Sophomore gets out of backfield, spends time with wideouts
The view out of Terrence Magee’s window in the increasingly crowded neighborhood that is LSU’s backfield has prompted his move out to the suburbs.
Magee started working out with the Tigers’ wide receivers Thursday, two days before LSU’s first preseason scrimmage.
Though he insisted Monday the move isn’t permanent, the Tiger sophomore sounded like a man who is enjoying the room to roam.
“If I want to play right away and contribute to the team, I feel that’s the best move,” Magee said.
“It was fun,” playing receiver in the scrimmage, Magee said. “I didn’t really know a lot about what I was doing. But I feel I did a good job.”
Magee had 27 carries for 133 yards and a touchdown last season. Not bad numbers for a true freshman, but it does rank him well behind the Tigers’ top four rushers of 2011: Michael Ford (756 yards), Spencer Ware (707), Alfred Blue (543) and Kenny Hilliard (340), who made a late-season push for playing time in 2011.
Add former Redemptorist star and true freshman Jeremy Hill to the mix, and Magee’s test run to look better all the time.
“I feel like it was a good move for the team,” he said. “I just want to play, and I told (the coaches) I’d be happy to do anything they ask me.”
Reid: stick with the plan
Junior free safety Eric Reid said he doesn’t think it will be necessary for the Tigers to alter their defense in the wake of cornerback Tyrann Mathieu’s dismissal last week.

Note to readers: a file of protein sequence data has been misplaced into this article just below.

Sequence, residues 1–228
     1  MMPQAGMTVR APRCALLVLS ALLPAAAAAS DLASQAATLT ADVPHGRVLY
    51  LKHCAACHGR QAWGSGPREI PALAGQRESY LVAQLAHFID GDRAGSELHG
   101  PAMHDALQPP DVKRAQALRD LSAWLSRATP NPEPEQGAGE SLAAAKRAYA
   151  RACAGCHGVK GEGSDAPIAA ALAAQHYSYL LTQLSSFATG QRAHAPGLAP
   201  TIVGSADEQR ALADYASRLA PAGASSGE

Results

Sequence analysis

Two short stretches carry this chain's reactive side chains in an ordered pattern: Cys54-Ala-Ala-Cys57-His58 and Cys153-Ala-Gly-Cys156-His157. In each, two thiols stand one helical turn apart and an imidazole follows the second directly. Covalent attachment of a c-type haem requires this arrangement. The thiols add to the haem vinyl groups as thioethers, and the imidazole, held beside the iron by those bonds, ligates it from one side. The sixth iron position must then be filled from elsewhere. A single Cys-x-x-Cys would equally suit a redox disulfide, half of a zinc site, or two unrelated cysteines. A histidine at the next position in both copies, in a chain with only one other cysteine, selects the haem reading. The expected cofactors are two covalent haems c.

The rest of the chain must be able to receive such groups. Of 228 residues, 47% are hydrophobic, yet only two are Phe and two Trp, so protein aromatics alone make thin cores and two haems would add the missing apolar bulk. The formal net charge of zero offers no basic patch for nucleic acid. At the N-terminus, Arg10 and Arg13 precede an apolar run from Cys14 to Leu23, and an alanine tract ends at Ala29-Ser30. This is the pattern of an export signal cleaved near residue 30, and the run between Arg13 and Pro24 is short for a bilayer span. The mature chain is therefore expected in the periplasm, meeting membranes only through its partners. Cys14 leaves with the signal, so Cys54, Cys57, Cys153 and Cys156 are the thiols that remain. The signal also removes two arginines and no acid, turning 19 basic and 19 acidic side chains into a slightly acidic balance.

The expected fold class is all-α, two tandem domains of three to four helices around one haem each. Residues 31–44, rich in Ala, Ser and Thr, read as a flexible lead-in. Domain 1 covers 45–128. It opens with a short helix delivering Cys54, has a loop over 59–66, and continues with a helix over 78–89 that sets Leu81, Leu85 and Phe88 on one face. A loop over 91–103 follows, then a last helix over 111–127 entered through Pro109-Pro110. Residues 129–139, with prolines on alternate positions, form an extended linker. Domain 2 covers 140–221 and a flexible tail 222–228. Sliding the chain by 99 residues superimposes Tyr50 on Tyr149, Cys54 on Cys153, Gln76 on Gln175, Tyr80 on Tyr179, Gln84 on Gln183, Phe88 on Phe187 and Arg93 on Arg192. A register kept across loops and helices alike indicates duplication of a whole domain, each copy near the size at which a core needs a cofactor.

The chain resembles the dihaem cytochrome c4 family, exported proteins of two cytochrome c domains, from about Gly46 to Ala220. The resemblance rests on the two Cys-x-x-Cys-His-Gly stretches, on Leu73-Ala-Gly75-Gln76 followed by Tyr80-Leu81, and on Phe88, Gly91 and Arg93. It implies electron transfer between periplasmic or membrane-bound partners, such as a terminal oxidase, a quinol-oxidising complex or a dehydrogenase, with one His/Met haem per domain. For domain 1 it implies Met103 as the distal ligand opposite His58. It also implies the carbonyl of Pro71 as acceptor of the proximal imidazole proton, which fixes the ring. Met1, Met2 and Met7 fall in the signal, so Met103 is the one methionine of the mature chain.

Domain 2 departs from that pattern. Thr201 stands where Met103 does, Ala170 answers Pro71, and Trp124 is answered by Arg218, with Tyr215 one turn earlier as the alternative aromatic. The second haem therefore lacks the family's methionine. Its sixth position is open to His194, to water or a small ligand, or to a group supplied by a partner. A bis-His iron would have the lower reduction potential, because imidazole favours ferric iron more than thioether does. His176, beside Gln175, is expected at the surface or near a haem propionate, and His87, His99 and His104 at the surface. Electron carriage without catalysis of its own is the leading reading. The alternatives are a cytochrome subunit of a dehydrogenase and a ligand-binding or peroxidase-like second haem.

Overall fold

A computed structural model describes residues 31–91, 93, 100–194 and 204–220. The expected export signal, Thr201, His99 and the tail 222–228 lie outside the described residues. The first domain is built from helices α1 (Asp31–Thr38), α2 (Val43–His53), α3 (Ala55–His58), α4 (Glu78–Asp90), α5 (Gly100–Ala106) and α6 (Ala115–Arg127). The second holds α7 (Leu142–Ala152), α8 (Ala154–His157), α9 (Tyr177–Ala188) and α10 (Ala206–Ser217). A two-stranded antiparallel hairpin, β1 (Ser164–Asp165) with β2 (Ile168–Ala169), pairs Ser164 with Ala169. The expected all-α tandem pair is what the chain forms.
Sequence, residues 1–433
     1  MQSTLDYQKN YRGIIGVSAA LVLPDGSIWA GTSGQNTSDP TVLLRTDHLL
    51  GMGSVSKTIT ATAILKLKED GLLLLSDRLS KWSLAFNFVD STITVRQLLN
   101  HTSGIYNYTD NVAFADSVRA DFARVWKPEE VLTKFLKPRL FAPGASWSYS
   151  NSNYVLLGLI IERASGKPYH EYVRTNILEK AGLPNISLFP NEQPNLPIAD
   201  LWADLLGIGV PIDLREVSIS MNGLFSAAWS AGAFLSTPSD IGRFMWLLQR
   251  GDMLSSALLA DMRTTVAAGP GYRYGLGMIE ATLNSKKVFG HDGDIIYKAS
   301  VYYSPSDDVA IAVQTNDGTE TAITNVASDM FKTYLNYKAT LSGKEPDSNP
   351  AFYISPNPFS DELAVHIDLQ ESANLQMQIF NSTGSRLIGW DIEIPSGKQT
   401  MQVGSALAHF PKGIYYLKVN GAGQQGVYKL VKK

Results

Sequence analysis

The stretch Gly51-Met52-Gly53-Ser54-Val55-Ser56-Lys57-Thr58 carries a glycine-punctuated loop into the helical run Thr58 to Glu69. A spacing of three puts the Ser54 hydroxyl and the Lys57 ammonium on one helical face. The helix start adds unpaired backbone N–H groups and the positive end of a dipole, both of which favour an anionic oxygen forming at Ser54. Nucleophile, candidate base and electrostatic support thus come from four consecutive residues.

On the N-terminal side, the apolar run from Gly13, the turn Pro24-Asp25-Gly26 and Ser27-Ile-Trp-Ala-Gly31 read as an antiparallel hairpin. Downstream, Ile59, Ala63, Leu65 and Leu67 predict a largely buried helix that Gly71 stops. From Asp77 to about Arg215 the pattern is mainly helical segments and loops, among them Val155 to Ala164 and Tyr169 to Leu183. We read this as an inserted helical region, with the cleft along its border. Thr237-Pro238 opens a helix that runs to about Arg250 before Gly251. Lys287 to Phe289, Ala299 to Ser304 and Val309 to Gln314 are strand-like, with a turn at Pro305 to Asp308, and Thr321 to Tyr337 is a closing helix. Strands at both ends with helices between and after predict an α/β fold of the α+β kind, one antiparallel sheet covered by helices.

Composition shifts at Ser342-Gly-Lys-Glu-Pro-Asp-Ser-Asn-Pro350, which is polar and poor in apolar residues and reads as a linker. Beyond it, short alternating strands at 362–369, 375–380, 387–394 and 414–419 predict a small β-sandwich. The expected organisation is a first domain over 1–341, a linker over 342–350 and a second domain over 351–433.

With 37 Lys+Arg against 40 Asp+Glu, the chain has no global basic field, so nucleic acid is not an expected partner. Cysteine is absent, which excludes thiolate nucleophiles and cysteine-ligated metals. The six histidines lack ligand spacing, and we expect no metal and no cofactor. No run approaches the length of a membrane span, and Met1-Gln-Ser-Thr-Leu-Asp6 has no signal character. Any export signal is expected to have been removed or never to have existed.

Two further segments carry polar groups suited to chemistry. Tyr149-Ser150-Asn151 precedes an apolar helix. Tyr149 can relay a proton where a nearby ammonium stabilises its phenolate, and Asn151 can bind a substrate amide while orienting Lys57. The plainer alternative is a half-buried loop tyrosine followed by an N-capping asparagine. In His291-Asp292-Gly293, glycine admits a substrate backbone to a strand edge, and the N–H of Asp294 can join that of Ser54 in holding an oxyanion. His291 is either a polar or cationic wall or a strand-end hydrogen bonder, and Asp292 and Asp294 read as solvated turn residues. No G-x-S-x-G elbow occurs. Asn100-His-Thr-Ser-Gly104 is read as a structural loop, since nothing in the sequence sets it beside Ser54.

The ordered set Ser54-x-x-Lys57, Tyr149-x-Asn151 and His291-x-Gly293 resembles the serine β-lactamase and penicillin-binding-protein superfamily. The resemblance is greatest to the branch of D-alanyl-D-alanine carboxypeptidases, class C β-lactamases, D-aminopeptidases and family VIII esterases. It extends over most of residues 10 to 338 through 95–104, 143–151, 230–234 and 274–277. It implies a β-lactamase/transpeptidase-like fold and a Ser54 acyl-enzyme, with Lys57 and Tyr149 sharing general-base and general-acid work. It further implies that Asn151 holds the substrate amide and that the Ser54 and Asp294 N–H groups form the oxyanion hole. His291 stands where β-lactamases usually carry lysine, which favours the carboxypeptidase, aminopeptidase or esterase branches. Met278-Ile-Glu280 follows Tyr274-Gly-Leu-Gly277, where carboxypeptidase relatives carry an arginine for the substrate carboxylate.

“I don’t think we have to change,” Reid said. “We just need someone to step up. We’re working to see who is going to get that spot.”
True freshman Jalen Mills and redshirt freshman Jalen Collins — who didn’t scrimmage Saturday because of an injury — are the heirs apparent to Mathieu’s starting spot.
Reid, who himself saw significant snaps in his very first game as a freshman against North Carolina in 2010, said he tries to coach up the younger players on knowing what to expect and how to react quickly.
“But I tell them at the same time that you learn by making mistakes,” Reid said.
Williford watches weight
Though he’s listed at 324 pounds in the LSU media guide, junior starting right guard Josh Williford said he’s closer to 330.
And that’s a slightly slimmed down 330 at that, Williford said, a target weight designed to help him become better adept at pass blocking this season.
“It’s helping me move faster,” said Williford, who at 6-foot-7 is still one of the larger man-planets on the team. “This is the best shape I’ve been in since I’ve been here.”
The camp grind
The wrap on defensive tackle Anthony Johnsone_SSRqs left hand was a good indication of how tough it is for the Tigers to stay away from injuries as they practice day after day after day in preparation for their Sept. 1 season opener against North Texas.
“It’s definitely a grind,” sophomore wide receiver Jarvis Landry said. “We’re just trying to stay healthy and get guys in and out of treatment as fast as possible.”
The Tigers, who went through two-a-days Monday, are slated to practice once Tuesday and once again Wednesday in preparation for Thursday’s scrimmage in Tiger Stadium, their second of this preseason.